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" They were not the effect of their fears but of their security. They who carried on this system looked to the irresistible force of Great Britain for their support in their acts of power. They were quite certain that no complaints of the natives would... "
A dictionary, geographical, statistical, and historical, of the various ... - Page 52
by John Ramsay M'Culloch - 1851
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The Literary journal, Volume 3

1804
...delighted to trample upon, and were not afraid to provoke. They were not the effects of their fearä but of their security. They who carried on this system, looked to the irresistible force of Great-Brit.nin for their support in their acts of power. They were quite certain that no complaints...
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An Historical Review of the State of Ireland from the Invasion of that ...

Francis Plowden - Ireland - 1805 - 479 pages
...scorn towards a conquered ' people, whom the victors delighted to trample upon, and were not at all ' afraid to provoke. They were not the effects of their fears, but of their se' curity. They who carried on this system, looked to the irresistible force of ' Great Britain for...
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The Works of the Right Honourable Edmund Burke, Volume 3

Edmund Burke - Political science - 1807
...victors delighted to trample upon, and were not at all afraid to provoke. They were not the effect of their fears but of their security. They who carried...force of Great Britain for their support in their acts of power. They were quite certain, that no complaints of the natives would be heard on this side...
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The History of Ireland: From Its Invasion Under Henry II. to Its ..., Volume 2

Francis Plowden - Ireland - 1812
...and scorn towards a conquered people, whom the victors delighted to trample upon, and were not at all afraid to provoke. They were not the effects of their...force of Great Britain for their support in their acts of power. They were quite certain, that no complaints of the natives would be heard on this side...
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The History of Ireland: From Its Invasion Under Henry II. to Its ..., Volume 2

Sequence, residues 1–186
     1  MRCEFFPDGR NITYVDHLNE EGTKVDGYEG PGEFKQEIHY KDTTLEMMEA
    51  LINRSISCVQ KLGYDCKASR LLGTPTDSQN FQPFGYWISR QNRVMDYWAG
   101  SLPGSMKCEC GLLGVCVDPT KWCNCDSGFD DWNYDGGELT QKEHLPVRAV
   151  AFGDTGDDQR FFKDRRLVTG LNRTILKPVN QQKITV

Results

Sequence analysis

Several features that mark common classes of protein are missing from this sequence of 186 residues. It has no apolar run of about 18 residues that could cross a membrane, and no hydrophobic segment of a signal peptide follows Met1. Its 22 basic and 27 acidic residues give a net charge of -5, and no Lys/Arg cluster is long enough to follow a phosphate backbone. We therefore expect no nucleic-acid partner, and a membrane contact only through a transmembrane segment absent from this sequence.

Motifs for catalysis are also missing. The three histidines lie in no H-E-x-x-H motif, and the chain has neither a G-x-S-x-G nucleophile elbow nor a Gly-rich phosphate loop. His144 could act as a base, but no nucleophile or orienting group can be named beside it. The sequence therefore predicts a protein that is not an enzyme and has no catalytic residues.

Francis Plowden - Ireland - 1812
...and scorn towards a conquered people, whom the victors delighted to trample upon, and were not at all afraid to provoke. They were not the effects of their...looked to the irresistible force of Great Britain for theii support in their acts of power. They were quite certain, that no complaints of the natives would...
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An Account of Ireland, Statistical and Political, Volume 2

Wakefield, Edward - Ireland - 1812
...scorn towards a conquered people, on whom the victors delighted to trample, and whom they were not afraid to pro/voke; they were not the effects of their fears, but of their security. "+ In the year 1145, a formidable rebellion broke out in Scotland, which extended to England. The pretender...
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Cobbett's Parliamentary Debates, During the ... Session of the ..., Volume 22

Great Britain. Parliament - Great Britain - 1812
...of national hatred against the con* quered nation, whom the victors were inclined to trample upon. They were not the effects of their fears, but of their security. What was done then, was not done. king's council, upon pain that the officer of the port, who allows...
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The History of Ireland, from the Earliest Period to the Present ..., Volume 1

Stephen Barlow - Ireland - 1814 - 524 pages
...and scorn towards a conquered people, whom the victors delighted to trample upon, and were not at all afraid to provoke. They were not the effects of their...force of Great Britain for their support in their acts of power. They were quite certain that no complaints of the natives would be heard on this side...
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A Compendium of the History of Ireland: From the Earliest Period to the ...

John Lawless - Ireland - 1815 - 528 pages
...victors delighted to traniple upon, and were not at all afraid to provoke. They were not the effect of their fears, but of their security. They who carried...looked to the irresistible force of great Britain for support in their acts of power. They were quite certain that no complaint of the natives would be heard...
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Travels in Ireland in the Year 1822: Exhibiting Brief Sketches of the Moral ...

Thomas Reid - Ireland - 1823 - 375 pages
...and scorn towards a conquered people, whom the victors delighted to trample upon, and were not at all afraid to provoke. They were not the effects of their...force of Great Britain for their support in their acts of power. They were quite certain, that no complaints of the natives would be heard on this side...
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